What happens, though, if one company wants to acquire another company, but that company doesn’t want to be acquired? The outcome could be a hostile takeover—an act of assuming control that’s resisted by the targeted company’s management and its board of directors. Ben Cohen and Jerry Greenfield, the Ice Cream Men from above, found themselves in one of these situations: Unilever—a very large Dutch/British company that owns three ice cream brands—wanted to buy Ben & Jerry’s, against the founders’ wishes. Most of the Ben & Jerry’s stockholders sided with Unilever. They had little confidence in the ability of Ben Cohen and Jerry Greenfield to continue managing the company and were frustrated with the firm’s social-mission focus. The stockholders liked Unilever’s offer to buy their Ben & Jerry’s stock at almost twice its current market price and wanted to take their profits. In the end, Unilever won; Ben & Jerry’s was acquired by Unilever in a hostile takeover.[5]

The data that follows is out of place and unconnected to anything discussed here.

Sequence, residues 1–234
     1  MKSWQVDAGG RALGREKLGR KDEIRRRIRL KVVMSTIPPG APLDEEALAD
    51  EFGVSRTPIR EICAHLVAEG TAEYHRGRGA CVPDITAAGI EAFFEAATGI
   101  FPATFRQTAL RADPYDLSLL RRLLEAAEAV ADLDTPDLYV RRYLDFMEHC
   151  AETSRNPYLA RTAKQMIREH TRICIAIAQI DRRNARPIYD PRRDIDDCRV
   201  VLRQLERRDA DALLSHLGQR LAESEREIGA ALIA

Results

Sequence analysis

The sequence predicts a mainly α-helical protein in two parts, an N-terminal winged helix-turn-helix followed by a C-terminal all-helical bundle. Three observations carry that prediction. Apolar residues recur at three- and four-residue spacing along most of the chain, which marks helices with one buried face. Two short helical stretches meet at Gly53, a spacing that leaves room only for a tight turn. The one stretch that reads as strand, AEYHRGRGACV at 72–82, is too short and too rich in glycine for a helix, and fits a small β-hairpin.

Despite fears that the company’s social mission would end, it didn’t happen. Though neither Ben Cohen nor Jerry Greenfield are involved in the current management of the company, they have returned to their social activism roots and are heavily involved in numerous social initiatives sponsored by the company.

Solidifying the Vocabulary

Use this quick activity to ensure you understand the vocabulary related to mergers and acquisitions.

Key Takeaways – Important terms and concepts

  • A sole proprietorship is a business owned by only one person.
    • Advantages include: complete control for the owner, easy and inexpensive to form, and owner gets to keep all of the profits.
    • Disadvantages include: unlimited liability for the owner, complete responsibility for talent and financing, and business dissolves if the owner dies.
  • A general partnership is a business owned jointly by two or more people.
    • Advantages include: more resources and talents come with an increase in partners, and the business can continue even after the death of a partner.
    • Disadvantages include: partnership disputes, unlimited liability, and shared profits.